Navigation Links
Study reveals clues to cause of hydrogen embrittlement in metals

Hydrogen, the lightest element, can easily dissolve and migrate within metals to make these otherwise ductile materials brittle and substantially more prone to failures.

Since the phenomenon was discovered in 1875, hydrogen embrittlement has been a persistent problem for the design of structural materials in various industries, from battleships to aircraft and nuclear reactors. Despite decades of research, experts have yet to fully understand the physics underlying the problem or to develop a rigorous model for predicting when, where and how hydrogen embrittlement will occur. As a result, industrial designers must still resort to a trial- and-error approach.

Now, Jun Song, an Assistant Professor in Materials Engineering at McGill University, and Prof. William Curtin, Director of the Institute of Mechanical Engineering at Ecole Polytechnique Federale de Lausanne in Switzerland, have shown that the answer to hydrogen embrittlement may be rooted in how hydrogen modifies material behaviours at the nanoscale. In their study, published in Nature Materials, Song and Curtin present a new model that can accurately predict the occurrence of hydrogen embrittlement.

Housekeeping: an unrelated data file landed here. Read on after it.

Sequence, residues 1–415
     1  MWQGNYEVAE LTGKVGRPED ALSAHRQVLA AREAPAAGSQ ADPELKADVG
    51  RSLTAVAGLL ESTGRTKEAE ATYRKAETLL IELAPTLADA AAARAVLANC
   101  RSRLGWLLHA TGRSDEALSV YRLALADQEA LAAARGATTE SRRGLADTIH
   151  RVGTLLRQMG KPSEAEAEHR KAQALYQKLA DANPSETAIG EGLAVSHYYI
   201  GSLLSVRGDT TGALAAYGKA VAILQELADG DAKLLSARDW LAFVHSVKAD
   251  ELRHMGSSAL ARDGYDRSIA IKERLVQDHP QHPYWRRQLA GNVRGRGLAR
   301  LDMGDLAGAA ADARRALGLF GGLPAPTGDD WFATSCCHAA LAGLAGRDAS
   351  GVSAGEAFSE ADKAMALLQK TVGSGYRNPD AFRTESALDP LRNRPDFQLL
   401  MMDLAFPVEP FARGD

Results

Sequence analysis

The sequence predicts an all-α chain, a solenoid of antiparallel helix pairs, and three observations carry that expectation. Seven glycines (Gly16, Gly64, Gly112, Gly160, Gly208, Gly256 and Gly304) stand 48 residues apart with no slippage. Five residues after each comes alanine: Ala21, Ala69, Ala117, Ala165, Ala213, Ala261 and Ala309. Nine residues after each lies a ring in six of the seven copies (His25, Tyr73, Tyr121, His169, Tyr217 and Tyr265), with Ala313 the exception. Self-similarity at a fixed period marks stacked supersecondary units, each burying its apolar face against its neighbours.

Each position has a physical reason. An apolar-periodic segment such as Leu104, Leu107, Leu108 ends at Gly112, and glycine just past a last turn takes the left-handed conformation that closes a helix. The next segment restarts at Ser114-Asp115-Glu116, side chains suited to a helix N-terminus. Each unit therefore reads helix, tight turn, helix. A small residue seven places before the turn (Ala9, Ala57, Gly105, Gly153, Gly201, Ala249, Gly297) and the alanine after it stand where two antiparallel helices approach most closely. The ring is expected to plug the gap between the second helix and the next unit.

Under normal conditions, metals can undergo substantial plastic deformation when subjected to forces. This plasticity stems from the ability of nano- and micro-sized cracks to generate "dislocations" within the metal movements of atoms that serve to relieve stress in the material.

"Dislocations can be viewed as vehicles to carry plastic deformation, while the nano- and micro-sized cracks can be viewed as hubs to dispatch those vehicles," Song explains. "The desirable properties of metals, such as ductility and toughness, rely on the hubs functioning well. Unfortunately those hubs also attract hydrogen atoms. The way hydrogen atoms embrittle metals is by causing a kind of traffic jam: they crowd around the hub and block all possible routes for vehicle dispatch. This eventually leads to the material breaking down."

State-of-the-art computer simulations were performed by Song to reveal explicitly how hydrogen atoms move within metals and how they interact with metal atoms. This simulation was followed by rigorous kinetic analysis, to link the nanoscale details with macroscopic experimental conditions.

This model has been applied to predict embrittlement thresholds in a variety of ferritic iron-based steels and produced excellent agreements with experiments. The findings provide a framework for interpreting experiments and designing next-generation embrittlement-resistant structural materials.

Contact: Chris Chipello
McGill University

Related biology technology :

1. Peer Reviewed Clinical Study Shows New Blood Test More Accurately Predicts Risk Of A Heart Attack
2. New study reveals challenge facing designers of future computer chips
3. OncoGenex Announces Completion Of Patient Enrollment In Custirsen Phase 3 "SYNERGY" Study
4. Technology brings new life to the study of diseases in old bones